Skip to content

A Long View Of American Air Power: Curtis LeMay

June 4, 2012

There is no greater expression of the United States’ military might than its Air Force. To better understand this fascinating institution and its future role, the men and machines who created it deserve a closer look.

The goal here is simple: to give the reader an in-depth understanding of how the US wages war from the air. Its scope spans the age of the propeller, then onward to jets, helicopters, drones, stealth and everything in between.

The first great figurehead of this saga is General Curtis LeMay. He is the undisputed godfather of heavy bombing.

LeMay joined the Air Corps Reserve in 1928, a time when the United States had shaken off its interventionist tendencies for good a dozen years after World War 1 ended. There wasn’t much use for an Air Corps then despite mutterings of a future war with Japan.

The only distinguishing hallmarks in LeMay’s early career were a fierce work ethic, an aptitude for technology, and a new found belief in bombing after a transfer to a B-17 squadron in 1937. It would take the US’ entry into World War 2 before these passions would finally bear fruit. In the meantime, LeMay had to rise through the ranks.

In 1938 he led a trans-American flight of B-17s to Brazil that cemented the long-range capabilities of the untested bomber. It wasn’t until 1942, however, that LeMay would finally set foot in England to join the broader war effort.


In the dark days of ’42, bombing Germany was proving far more viable in the planning rooms than reality. German air defenses were too formidable, the American and British crews badly trained. LeMay remedied this by pushing his men hard and hammering out an effective heavy bombing doctrine that decimated the Third Reich. LeMay’s unsullied record as the CO of the 3rd Bombardment Division and subsequent commander of the 20th Bomber Command in the China-India-Burma theater would become his springboard to his greatest achievement—the air campaign over Japan.

Dozens of Japanese cities—including Tokyo—were incinerated by LeMay’s 21st Air Command. When nuclear strikes on Hiroshima and Nagasaki ended the war, a new era had begun for humanity and LeMay.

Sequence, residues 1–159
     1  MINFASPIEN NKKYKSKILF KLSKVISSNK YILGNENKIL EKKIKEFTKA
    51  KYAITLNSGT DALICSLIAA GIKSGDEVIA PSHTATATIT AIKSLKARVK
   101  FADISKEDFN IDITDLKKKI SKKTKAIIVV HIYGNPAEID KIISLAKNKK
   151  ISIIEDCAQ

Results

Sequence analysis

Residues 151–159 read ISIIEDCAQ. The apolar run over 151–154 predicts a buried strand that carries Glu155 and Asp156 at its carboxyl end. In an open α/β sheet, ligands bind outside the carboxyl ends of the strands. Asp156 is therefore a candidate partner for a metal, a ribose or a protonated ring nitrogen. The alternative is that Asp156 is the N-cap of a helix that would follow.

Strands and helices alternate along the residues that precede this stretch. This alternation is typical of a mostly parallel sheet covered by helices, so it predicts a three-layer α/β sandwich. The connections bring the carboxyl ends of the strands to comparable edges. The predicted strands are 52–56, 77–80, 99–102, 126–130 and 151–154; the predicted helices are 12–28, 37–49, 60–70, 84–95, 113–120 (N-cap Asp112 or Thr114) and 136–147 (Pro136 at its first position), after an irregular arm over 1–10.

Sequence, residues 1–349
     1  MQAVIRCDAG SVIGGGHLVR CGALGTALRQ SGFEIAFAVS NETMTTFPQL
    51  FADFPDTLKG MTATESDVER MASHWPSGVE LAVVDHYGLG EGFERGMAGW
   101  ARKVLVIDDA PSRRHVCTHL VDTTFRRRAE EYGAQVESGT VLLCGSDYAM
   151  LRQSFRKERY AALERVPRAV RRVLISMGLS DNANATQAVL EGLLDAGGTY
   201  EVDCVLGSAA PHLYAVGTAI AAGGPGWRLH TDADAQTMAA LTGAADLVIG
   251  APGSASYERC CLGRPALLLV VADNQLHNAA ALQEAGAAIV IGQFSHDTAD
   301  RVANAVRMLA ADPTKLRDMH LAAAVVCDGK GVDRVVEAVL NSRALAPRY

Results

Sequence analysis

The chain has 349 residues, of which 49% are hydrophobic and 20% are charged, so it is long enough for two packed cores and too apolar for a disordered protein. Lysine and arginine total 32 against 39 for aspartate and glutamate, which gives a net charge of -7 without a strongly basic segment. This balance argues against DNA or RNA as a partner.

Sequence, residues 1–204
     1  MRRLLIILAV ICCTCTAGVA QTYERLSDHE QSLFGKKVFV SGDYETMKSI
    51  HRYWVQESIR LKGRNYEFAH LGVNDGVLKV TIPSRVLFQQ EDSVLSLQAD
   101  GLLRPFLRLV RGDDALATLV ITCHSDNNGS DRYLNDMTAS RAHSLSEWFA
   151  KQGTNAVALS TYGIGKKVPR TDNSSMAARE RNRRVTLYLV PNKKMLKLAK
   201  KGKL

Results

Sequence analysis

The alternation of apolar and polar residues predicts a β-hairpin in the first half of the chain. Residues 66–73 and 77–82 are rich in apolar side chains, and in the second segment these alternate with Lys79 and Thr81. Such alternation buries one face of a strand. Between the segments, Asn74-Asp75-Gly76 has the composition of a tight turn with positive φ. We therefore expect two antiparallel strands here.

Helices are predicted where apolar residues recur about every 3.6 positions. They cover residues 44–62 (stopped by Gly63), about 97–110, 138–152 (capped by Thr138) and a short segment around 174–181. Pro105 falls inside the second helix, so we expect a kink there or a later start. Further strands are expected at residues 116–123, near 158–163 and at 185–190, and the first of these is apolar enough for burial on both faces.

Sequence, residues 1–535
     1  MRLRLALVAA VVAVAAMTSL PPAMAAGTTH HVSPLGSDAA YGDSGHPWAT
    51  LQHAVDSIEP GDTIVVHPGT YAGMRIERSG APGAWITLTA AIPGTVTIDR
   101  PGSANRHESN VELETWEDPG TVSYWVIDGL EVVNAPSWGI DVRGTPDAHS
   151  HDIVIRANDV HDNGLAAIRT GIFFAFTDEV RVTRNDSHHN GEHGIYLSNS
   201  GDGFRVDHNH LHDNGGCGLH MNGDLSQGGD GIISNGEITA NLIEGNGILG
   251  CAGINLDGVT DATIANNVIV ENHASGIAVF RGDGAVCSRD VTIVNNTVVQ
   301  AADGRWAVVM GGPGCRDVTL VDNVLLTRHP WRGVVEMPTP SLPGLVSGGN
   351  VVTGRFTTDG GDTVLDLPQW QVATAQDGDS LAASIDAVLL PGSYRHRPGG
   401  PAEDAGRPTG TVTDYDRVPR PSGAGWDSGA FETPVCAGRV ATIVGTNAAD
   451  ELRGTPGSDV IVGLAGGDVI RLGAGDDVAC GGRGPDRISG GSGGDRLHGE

His reputation as a cigar-and-pipe-chomping bulldog of a man who gets results beyond dispute, a short stint at the post-WW2 Pentagon preceded LeMay’s enormous contributions to the Strategic Air Command (SAC). Once in charge of SAC, LeMay applied his bombing doctrine to the nuclear age and built the US’s nuclear offensive capability from scratch. Even if he was working with inexperienced crews with poor training and few accomplishments–just like in the last war–LeMay delivered. By the time the Korean War broke out, LeMay had transformed the SAC into the greatest deterrent to Soviet aggression with his ‘Sunday Punch’ doctrine specially crafted to annihilate the enemy in the first rounds of World War 3.


Unfortunately, the Korean War also marked the beginning of LeMay’s fall from grace. Like many generals, LeMay’s later years were wracked by frustration. His push for a massive bombing campaign over North Korea was largely ignored. Upon relinquishing command of the SAC in 1957 and assuming a new role as special adviser to President Eisenhower, LeMay became the embodiment of a Cold Warrior, an incorrigible hawk ever watchful of the Soviet adversary.

The sidestepping of LeMay’s proven heavy bombing doctrine continued in the Kennedy administration when his suggestion of unilateral strikes on Cuba and North Vietnam met with little enthusiasm from the likes of Robert McNamara and Air Force secretary Eugene Zuckert.

Most biographies of LeMay book end his career with a failed vice presidential run, which means little else marked his life past 1968. This hardly diminishes his impact on the US Air Force. Conventional heavy bombing in the nuclear age entered the public consciousness via B-52s pummeling North Vietnam—a strategy LeMay preferred to subdue any enemy.

LeMay also pioneered the deployment of ICBMs and heavy bombers as effective tools in destroying the Soviet war machine. Even today, LeMay’s legacy is still alive. Any general or Secretary of Defense who envisions a future war that can be resolved by bombing the enemy’s weak spots owes this mindset to Curtis LeMay. For this reason alone, General LeMay ranks among the proud few who set the foundation stones of indomitable US air power.